Carey Kish on the Pacific Crest Trail in the Washington’s North Cascades, returns to Stevens Pass after deciding to abort the hike due to severe winter weather.  Carey Kish photo

STEVENS PASS, Wash. — The long journey begun on April 3 wasn’t supposed to end at Stevens Pass, but rather at the Canadian border 187 miles to the north.

Full-on winter had arrived early to the North Cascades in Washington state, however, and when Mother Nature speaks with such unequivocal force, well, this hiker listens.

Crossing the slush and snow of U.S. Route 2 to meet my relieved wife, Fran, the irony was not lost on me that this same highway terminates at Bangor, Maine, 2,500 miles east and an hour north of our Mt. Desert Island residence.

It is indeed time to go home now.

As my planned finish date of Sept. 26 came and went, and the days melted into October, I knew the time might come when I’d say to myself, “You have no damn business being out here anymore.” That moment arrived on Oct. 8 in the midst of a raging snowstorm.

A day earlier, Fran deposited me and two trail friends – Bubblewrap and No Name – at Stevens Pass. It was 45 degrees and raining heavily – grim conditions for sure, but after sitting idle all weekend waiting for the post office to open to grab resupply boxes, we needed to move. Eleven miles of heads-down walking in the wind-driven wet later, we camped in some trees at 5,000 feet; climbing any higher on Grizzly Peak meant risking a night fully exposed.

Though our three tents stood just feet apart, the usual jovial banter was muted, as we each wriggled out of soaked clothing, burrowed into sleeping bags and boiled water for hot drinks and dinner. Most of our gear was wet, the temperature was dropping and we were only marginally comfortable. Multiple cups of soup failed to boost my spirits, and it wasn’t even 7 p.m. when I switched off my headlamp. Rain, or perhaps snow – I didn’t care to check – continued to ping the tents.

I awoke in the night, shivering. My sleeping bag was now mostly layers of damp nylon and clumps of down from head to toe, the moisture laden air outside and heavy condensation inside the tent having done its job. I unfolded my emergency space blanket and wrapped it around me inside my bag and slept, fitfully, until dawn.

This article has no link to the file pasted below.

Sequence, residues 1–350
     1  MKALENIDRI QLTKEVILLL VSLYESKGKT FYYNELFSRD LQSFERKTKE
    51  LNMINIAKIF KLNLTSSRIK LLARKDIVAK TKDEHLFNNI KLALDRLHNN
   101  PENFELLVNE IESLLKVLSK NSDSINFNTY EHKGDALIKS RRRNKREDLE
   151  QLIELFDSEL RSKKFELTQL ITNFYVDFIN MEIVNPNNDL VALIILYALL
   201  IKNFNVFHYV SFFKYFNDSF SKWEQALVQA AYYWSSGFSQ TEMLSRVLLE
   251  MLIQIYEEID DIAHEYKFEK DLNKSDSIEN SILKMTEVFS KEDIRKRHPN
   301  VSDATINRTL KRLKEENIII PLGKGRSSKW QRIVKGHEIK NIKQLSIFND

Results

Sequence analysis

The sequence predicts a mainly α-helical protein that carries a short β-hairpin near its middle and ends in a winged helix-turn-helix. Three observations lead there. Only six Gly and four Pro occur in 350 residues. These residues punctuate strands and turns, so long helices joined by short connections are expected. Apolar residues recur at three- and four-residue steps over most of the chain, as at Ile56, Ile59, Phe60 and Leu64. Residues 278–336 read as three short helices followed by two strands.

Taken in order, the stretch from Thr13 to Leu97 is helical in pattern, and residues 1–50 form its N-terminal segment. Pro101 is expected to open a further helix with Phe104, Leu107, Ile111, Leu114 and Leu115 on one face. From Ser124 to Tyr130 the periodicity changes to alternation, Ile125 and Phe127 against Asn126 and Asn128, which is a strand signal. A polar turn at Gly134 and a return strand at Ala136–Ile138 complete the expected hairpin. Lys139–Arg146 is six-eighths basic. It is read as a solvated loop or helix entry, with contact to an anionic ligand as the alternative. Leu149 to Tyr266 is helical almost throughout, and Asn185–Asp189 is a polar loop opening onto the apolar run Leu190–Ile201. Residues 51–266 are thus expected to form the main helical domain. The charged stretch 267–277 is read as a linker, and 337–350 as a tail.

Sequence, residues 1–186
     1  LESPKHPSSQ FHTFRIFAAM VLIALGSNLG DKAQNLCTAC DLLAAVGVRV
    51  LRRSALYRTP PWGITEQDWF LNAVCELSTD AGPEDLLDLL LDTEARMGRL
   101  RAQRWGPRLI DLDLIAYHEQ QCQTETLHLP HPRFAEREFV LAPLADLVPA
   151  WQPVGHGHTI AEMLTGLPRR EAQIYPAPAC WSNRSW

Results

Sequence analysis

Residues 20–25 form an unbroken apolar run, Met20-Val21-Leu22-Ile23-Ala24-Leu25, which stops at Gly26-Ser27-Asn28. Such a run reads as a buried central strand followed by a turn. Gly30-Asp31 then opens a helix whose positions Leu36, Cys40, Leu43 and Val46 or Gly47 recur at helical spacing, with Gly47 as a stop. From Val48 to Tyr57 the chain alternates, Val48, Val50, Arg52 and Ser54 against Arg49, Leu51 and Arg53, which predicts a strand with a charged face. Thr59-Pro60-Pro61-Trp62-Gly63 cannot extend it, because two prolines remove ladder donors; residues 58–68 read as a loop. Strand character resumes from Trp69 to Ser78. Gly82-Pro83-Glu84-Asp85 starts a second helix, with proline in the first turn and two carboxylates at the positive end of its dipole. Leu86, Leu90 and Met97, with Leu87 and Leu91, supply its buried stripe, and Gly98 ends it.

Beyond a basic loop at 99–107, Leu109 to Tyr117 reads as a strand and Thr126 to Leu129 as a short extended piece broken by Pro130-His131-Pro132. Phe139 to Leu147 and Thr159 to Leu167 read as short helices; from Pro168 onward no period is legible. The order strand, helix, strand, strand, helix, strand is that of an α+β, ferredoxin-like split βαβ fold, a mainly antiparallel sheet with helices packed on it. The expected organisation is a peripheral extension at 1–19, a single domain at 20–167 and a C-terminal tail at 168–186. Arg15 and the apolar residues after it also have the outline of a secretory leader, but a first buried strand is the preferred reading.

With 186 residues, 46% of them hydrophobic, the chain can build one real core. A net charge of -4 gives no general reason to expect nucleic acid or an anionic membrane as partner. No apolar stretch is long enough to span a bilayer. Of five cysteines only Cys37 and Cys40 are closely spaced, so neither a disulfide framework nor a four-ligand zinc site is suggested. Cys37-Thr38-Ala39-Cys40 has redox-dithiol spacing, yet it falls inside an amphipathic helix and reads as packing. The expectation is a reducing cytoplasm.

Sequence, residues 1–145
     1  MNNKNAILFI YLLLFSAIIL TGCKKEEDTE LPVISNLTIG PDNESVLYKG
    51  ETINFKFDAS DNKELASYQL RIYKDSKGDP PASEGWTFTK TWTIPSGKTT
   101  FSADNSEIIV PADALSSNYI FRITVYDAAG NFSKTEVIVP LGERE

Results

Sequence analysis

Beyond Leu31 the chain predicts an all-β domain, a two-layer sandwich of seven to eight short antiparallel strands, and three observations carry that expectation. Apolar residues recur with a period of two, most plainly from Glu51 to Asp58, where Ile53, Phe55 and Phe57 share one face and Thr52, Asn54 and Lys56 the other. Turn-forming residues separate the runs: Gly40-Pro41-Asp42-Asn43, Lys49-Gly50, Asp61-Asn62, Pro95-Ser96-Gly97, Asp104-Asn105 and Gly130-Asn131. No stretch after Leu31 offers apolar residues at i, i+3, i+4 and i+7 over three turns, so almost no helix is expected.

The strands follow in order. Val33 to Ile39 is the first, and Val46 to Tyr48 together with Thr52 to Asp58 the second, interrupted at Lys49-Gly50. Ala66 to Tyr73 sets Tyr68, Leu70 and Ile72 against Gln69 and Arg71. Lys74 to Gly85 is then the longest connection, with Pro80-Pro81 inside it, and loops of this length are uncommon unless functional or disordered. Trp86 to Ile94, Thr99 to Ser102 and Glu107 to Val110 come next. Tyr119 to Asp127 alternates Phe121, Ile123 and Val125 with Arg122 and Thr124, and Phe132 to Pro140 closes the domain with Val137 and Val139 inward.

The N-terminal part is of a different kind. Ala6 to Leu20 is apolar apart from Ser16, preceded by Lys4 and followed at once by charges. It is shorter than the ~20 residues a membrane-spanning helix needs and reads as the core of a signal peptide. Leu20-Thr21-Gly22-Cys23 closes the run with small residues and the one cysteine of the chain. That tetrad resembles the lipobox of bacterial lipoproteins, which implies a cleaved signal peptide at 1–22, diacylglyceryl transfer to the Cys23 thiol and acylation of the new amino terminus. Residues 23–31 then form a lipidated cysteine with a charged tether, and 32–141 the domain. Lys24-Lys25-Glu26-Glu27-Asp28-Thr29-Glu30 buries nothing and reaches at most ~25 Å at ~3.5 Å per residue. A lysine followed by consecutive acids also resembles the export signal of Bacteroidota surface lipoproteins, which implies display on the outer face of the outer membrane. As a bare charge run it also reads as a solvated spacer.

Morning. Four inches of snow on the ground and more falling fast. Frozen tent zippers, half-frozen boots, wet socks, wet everything. And cold. After breakfast, we packed in silence. Packs on, I looked at my partners and asked the essential question: “You OK carrying on?” Nods of agreement, and with that we shuffled off into the storm.

A mile out and 1,000 feet higher, I heard Bubblewrap behind me wince audibly in pain.

I turned and asked if she was OK. “Not so much,” she replied. “Me neither,” I said. She from ice cold fingers and toes, me thinking of saturated gear and 115 miles to the next road crossing. What price going forward, we considered, into the most remote stretch of the entire PCT in such awful, deteriorating weather? Fingers and toes, or perhaps worse?

It was a quick decision, and a good one. I’d been wet and cold almost every day through three weeks of unsettled weather, and the needle on my fun meter had dropped into the red zone. Now conditions had gone from uncomfortable to downright dangerous. This was it; we would turn around and go back.

We waited a half-hour for No Name, who’d gone ahead, thinking he would reach the same conclusion. No show. Returning to the campsite, we erected Bubblewrap’s two-person tent and sat for three hours. Still no sign of No Name. By early afternoon, dead set against spending another night out, we hiked out, plowing through knee-deep snow until nearly nightfall.

Back at Stevens Pass, we contacted search-and-rescue authorities and an attempt was undertaken the next day to locate our friend, but to no avail. Fortunately, No Name, a British military man with a clear head and strong legs, made his way to the pass and safety on his own in an epic 27-mile, 15-hour struggle.

After 187 days and 2,466 extraordinary miles, my hike was over for this year. I’ll return next August to finish up and earn the coveted PCT thru-hiker patch.

Carey Kish of Mt. Desert Island is the author of AMC’s Best Day Hikes Along the Maine Coast and author/editor of the AMC Maine Mountain Guide. Follow Carey’s adventures on Facebook @ Carey Kish.


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